Thursday, June 13, 2024


Dhaka Tribune

Dhaka’s missing waste bins are coming back, at a price

In 2016, the city corporations installed around 6,700 waste bins to promote cleanliness and encourage citizens to be more mindful

Update : 10 May 2019, 11:48 PM

Dhaka’s two city corporations are planning to re-install waste bins in the capital three years after most of them disappeared without a trace.

In 2016, the city corporations installed around 6,700 waste bins to promote cleanliness and encourage citizens to be more mindful. But over 80% of them just disappeared – mostly reported stolen – while the others fell into disrepair due to neglect.

The authorities claim only half the bins were stolen and the rest have been unused. But they did not explain why they would re-install all the bins if the other half were still in their original locations.

Where the few waste bins endured, they have indeed remained neglected as citizens prefer throwing their trash on the roads or the pavement or the drainage system. And where the bins have not endured, the cobalt-blue stands are the only sign they were ever there.

Money gone to waste

The Dhaka South City Corporation (DSCC) officials claim they installed 5,700 of the bins, but could not provide the cost.

According to MA Razzak, chief waste management officer with the DNCC, the Dhaka North City Corporation (DNCC) installed 1,000 of the same bins, each costing an average of Tk6,700.

If the DSCC bins are considered to have been purchased at roughly the same price as the DNCC bins, the 6,700 bins will have had cost Tk4.49 crore – a cost that might be re-incurred if the authorities proceed in the same manner.

Experts raised concerns over the re-installing the bin, stressing the need for a proper survey or assessment before repeating the same project again to prevent public money from going to waste, again.

A story of failure

Urban planners believe the core reason behind the failure of the original plan was the lack of an assessment before implementation and lack of public awareness.

Centre for Urban Studies (CUS) Chairman Prof Nazrul Islam said authorities should have done a pre-assessment before launching a new idea to avoid any mistakes.

He added: “The government and responsible authorities should have, created public awareness, before placing bins in their responsibility to get them accustomed to the system.”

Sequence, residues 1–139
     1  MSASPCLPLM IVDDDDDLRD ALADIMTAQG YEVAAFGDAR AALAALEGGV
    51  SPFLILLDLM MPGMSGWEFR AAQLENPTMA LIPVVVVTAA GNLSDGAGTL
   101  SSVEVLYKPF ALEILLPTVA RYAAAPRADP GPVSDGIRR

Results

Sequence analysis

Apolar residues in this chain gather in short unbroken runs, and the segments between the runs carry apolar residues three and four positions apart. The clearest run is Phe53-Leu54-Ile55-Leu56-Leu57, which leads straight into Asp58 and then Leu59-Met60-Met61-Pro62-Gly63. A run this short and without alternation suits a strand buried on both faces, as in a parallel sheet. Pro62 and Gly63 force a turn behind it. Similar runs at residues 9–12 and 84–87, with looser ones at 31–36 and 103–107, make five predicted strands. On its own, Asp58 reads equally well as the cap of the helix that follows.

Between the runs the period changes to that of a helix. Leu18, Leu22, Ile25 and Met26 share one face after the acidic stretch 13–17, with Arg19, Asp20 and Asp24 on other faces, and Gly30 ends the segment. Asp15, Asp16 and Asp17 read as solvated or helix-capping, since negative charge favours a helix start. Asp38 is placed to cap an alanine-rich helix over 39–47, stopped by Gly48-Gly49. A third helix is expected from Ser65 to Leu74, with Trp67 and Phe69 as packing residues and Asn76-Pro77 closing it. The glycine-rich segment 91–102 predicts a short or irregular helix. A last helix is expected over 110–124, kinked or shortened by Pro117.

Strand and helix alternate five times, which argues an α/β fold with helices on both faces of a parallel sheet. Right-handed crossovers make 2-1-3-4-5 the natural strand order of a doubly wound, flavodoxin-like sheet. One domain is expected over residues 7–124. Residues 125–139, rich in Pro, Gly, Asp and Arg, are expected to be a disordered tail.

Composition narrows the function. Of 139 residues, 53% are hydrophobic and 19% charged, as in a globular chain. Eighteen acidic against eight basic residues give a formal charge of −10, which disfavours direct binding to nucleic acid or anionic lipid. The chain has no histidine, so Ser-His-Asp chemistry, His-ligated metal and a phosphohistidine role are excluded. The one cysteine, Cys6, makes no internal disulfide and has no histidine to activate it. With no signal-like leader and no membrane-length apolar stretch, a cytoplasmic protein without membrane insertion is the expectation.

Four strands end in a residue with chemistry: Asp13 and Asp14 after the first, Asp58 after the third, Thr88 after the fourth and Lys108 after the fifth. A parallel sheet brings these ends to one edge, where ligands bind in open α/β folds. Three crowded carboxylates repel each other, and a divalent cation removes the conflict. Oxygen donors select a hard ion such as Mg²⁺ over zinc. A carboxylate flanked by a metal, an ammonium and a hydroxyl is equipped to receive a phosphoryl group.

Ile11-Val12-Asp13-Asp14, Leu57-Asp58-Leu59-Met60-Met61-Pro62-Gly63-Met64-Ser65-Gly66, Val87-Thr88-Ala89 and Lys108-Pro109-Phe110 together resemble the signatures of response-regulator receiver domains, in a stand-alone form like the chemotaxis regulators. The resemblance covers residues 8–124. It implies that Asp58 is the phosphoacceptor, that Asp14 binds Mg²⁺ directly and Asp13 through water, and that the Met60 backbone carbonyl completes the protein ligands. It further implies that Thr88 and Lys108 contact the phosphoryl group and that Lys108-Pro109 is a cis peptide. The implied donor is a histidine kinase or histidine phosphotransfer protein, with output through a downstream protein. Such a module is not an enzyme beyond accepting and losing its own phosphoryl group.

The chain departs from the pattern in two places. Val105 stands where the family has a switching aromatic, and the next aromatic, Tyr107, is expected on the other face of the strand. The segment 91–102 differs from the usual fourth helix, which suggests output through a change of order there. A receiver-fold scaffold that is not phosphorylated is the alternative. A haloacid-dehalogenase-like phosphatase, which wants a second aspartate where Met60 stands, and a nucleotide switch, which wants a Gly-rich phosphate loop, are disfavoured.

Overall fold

However, the consensus among urban planners is that installing the bins without a solid plan was a massive mistake by the city corporation authorities. Without any public involvement or community outreach, the neglect blossomed into the stark failure that has resulted into the disappearance of nearly 6,700 bins.

New approaches

The DNCC is planning a comeback for the bins within two months under a project called “Two Trees One Dustbin.” DNCC Mayor Atiqul Islam said storeowners and homeowners will pay for their own bins, which will be designed by the DNCC.

He also said: “I hope they will accept this as their own property. Afterwards, we will place them strategically to sustain them.”

But the DNCC did not reveal any plans for a survey. The DSCC however, has plans for a survey on an effective model for sustainable bins, which will be followed by their own re-installation project, according to DSCC Chief Executive Officer Mostafizur Rahman. 

Yet how many bins will be installed this time, none of the city corporations could reveal.

Stolen by drug abusers

Md Zahid Hossain, chief waste management officer of the DSCC told Dhaka tribune that drug abusers stole nearly half the bins. He claimed the rest were used regularly by people, and also claimed the money did not go to waste.

DNCC Chief Waste Management Officer Razzak said a comprehensive plan is required to determine the placement of the bins to make them the most effective. He said the city corporation authorities can do regular maintenance and follow-ups if there is a detailed plan and map of all the bins in Dhaka.

Earlier the bins were installed every 150 metres in densely populated areas and 300 metres apart for less densely-populated areas.

The DNCC mayor claimed people do not use the pavement, and that is why the bins on the pavement go unused. 

He suggested strong anti-littering laws in Bangladesh with heavy penalties to persuade people to use the bins. 

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